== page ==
Bill Would Cover PTSD Claims

Valley News Staff Writer
Published: 2/18/2018 11:23:21 PM

Hanover — Lawmakers in Concord are considering a bill in the New Hampshire Senate that would allow first responders suffering from mental illness or post-traumatic stress disorder to file workers’ compensation claims.

The legislation, SB 553, would allow firefighters, police officers and ambulance workers to apply for workers’ compensation after receiving a diagnosis from a mental health professional.

Under the bill, those claims could be made within three years after the first responder retires or leaves the job.

State Sen. Martha Hennessey, D-Hanover, said the bill seeks to correct a problem in state law that allows for some people to file workers’ compensation claims for PTSD, but not first responders.

“It’s a matter of getting them equal services to those who witness terrible traumas,” said Hennessey, a developmental psychologist and the legislation’s primary sponsor. “These protectors do it every day.”

The bill has received praise from emergency workers in the Granite State, who say it addresses a long-standing problem.

“This is kind of long overdue,” said state Rep. Andy White, D-Lebanon, a supporter of the bill.

White, a captain at the Lebanon Fire Department, said first responders have always contended with mental illness and PTSD because of the type of work they do, responding to everything from deadly car accidents to destructive fires. But for a long time, he said, they were expected to “just suck it up and move on.”

Post-traumatic stress isn’t always the result of just one call, White said, adding it can come about over decades of fires and medical incidents.

“They’re good people,” he said of those experiencing mental health crises. “They’re really good people who are hurting badly only because they did their job.”

White said the bill sends a message that society and municipalities acknowledge the sacrifice that first responders make each day.

“It says to employees that ‘we recognize this is a problem,’ ” he said. “It says to them, ‘We’re going to do the best we can to help you.’ ”

While many communities support the measure, some worry the legislation could increase municipal insurance costs.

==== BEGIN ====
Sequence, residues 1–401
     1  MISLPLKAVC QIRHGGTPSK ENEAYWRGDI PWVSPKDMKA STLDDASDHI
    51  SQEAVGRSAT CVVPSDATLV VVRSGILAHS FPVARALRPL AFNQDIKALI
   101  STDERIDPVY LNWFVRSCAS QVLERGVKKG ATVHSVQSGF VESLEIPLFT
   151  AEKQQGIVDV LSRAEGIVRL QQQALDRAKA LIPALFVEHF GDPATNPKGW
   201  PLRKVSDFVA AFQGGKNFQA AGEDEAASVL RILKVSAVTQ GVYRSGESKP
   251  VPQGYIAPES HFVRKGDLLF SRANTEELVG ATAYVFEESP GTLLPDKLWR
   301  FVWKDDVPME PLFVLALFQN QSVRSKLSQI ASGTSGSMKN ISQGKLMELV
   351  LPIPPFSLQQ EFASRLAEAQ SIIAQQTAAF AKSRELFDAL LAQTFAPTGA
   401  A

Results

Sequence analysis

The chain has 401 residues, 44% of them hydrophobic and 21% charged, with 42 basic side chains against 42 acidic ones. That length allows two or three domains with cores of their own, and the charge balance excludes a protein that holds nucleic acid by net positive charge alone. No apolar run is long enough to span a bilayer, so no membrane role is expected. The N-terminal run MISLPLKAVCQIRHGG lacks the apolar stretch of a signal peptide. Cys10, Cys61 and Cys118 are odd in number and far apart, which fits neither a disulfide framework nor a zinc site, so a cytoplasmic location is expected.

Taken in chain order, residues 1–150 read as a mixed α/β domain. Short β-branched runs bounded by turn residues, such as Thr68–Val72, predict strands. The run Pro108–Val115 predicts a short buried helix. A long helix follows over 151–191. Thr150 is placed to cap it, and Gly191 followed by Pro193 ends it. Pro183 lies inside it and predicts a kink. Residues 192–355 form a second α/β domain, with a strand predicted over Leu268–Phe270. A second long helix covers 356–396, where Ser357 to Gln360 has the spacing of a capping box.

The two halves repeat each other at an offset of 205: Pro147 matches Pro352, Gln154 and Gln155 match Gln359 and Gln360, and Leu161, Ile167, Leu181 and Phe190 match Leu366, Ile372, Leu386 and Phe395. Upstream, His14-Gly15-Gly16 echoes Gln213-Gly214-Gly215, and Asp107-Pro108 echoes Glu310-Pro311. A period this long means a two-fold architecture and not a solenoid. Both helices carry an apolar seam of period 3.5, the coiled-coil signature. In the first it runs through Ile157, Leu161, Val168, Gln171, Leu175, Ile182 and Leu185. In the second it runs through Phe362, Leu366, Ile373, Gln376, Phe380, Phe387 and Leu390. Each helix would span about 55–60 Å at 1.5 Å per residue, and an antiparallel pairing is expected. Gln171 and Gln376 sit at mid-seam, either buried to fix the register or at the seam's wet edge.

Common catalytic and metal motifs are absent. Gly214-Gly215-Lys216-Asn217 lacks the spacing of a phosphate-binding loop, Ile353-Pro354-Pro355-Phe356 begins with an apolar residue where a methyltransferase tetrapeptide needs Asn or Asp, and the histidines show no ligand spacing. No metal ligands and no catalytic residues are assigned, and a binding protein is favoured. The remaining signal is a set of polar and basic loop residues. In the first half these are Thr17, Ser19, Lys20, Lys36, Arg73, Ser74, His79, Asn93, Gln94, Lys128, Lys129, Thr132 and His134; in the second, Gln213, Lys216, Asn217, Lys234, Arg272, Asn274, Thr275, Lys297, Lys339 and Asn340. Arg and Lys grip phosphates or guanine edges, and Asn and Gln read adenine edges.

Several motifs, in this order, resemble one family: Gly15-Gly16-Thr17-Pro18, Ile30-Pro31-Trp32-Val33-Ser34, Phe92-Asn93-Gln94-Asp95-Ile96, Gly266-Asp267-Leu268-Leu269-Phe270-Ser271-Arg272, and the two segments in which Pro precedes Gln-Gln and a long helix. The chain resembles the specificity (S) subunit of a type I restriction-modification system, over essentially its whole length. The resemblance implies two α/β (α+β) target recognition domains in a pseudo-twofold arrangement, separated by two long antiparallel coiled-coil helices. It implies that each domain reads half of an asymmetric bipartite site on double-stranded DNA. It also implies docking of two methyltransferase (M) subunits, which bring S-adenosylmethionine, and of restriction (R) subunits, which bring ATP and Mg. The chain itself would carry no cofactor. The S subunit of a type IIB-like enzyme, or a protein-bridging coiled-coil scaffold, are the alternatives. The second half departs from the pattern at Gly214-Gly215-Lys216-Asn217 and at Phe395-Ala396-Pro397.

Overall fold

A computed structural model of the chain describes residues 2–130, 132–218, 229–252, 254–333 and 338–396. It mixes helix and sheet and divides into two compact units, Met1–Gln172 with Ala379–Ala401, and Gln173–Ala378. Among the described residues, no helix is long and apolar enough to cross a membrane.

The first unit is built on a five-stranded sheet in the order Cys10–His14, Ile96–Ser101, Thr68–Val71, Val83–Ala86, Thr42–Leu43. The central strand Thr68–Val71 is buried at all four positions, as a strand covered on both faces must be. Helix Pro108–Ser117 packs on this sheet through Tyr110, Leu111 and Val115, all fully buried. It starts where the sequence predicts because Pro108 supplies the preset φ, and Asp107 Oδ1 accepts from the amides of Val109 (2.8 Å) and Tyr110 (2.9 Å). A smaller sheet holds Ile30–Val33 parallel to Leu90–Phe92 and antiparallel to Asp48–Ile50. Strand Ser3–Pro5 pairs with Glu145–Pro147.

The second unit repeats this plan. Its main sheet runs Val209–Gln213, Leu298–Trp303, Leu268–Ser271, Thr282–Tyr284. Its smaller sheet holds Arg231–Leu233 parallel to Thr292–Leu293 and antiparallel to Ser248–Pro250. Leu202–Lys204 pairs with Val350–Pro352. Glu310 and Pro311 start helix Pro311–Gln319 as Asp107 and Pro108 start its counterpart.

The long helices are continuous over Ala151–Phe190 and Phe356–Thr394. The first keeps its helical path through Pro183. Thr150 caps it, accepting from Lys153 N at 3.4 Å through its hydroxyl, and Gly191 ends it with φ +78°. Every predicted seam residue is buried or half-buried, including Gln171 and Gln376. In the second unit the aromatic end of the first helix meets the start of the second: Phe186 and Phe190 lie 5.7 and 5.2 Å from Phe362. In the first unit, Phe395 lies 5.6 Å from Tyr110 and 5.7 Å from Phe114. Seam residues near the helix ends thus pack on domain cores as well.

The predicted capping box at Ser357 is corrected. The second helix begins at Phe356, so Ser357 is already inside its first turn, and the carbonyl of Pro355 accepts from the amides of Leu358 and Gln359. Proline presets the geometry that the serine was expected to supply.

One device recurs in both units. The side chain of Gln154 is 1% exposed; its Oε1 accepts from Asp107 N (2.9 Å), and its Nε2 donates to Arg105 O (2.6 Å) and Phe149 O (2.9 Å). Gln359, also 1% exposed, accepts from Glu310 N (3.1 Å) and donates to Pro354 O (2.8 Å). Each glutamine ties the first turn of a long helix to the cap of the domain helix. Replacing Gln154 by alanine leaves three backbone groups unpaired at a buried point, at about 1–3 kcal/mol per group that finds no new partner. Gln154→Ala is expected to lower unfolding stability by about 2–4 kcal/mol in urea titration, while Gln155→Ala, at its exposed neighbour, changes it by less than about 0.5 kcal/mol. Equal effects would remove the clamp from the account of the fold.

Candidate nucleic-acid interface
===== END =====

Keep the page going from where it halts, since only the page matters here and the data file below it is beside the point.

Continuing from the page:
“There is no question that PTSD is a serious problem that affects some emergency responders, but this bill goes too far,” the New Hampshire Municipal Association wrote in its weekly Legislative Bulletin.

When an employee is injured, workers’ compensation typically requires them to prove the injury was work related. Under the proposed bill, however, if an employer wanted to deny a claim, it would be required to prove an injury wasn’t the result of a first responder’s work.

“That task — proving a negative — will be extremely difficult if not impossible,” the Municipal Association said.

The organization, which lobbies for towns and cities, also worried the bill could force municipalities to spend additional funds without their consent, resulting in an unconstitutional “unfunded mandate.”

Hanover Town Manager Julia Griffin agreed with the municipal association’s concerns, adding some employees already can claim PTSD as a work-related injury.

“PTSD is sort of, I think, increasingly referenced from a claims perspective,” she said. “It’s not as if we haven’t dealt with it before.”

If the legislation passes, New Hampshire will join Vermont in allowing first responders to file workers’ compensation claims for mental illness.

Vermont Gov. Phil Scott signed legislation last year that puts PTSD and mental health issues on equal footing with physical injuries, according to VtDigger.

Before the law took effect last summer, workers’ compensation insurance only covered work-related mental health claims if they were tied to a physical injury.

The Vermont bill was introduced by state Rep. Sarah Copeland Hanzas, D-Bradford, and was the first in the nation to offer emergency responders with the mental health coverage, according to the International Association of Firefighters.

It’s not clear how the new law will affect fire and ambulance services in Vermont, said Clay Odell, executive director of Upper Valley Ambulance.

The nonprofit provides emergency medical services to Orford and Piermont in New Hampshire, as well as Bradford, Corinth, Fairlee, West Fairlee, Strafford, Thetford and Vershire in Vermont.

“I have mixed feelings,” Odell said of both states’ legislation.

Upper Valley Ambulance spends roughly $45,000 yearly on workers’ compensation now, he said, adding that costs could spike if an employee files a PTSD-related claim. Those expenses likely would then be passed onto the towns.

“Our rates could just skyrocket. It could probably just double easily,” he said.

On the other hand, Odell said, first responders should have access to mental health providers, especially if their injuries are so debilitating they can’t work anymore.

“We are all at risk of PTSD in the jobs that we do,” said Odell, who started as a paramedic in 1985.

Upper Valley Ambulance has developed a system aimed at catching stresses or mental health issues early, he said. Several paramedics have taken additional classes and are made available to their colleagues to talk through any problems encountered on the job.

Anyone who might need additional counseling can then be identified and cared for early, Odell said.

“We in emergency services, we try really hard to avoid PTSD,” he said. “We acknowledge things bother us; it helps from keeping that bottled up.”

The New Hampshire bill currently is before the Senate Commerce Committee. A date has not been scheduled for a full vote in the Senate.

Tim Camerato can be reached at or 603-727-3223.

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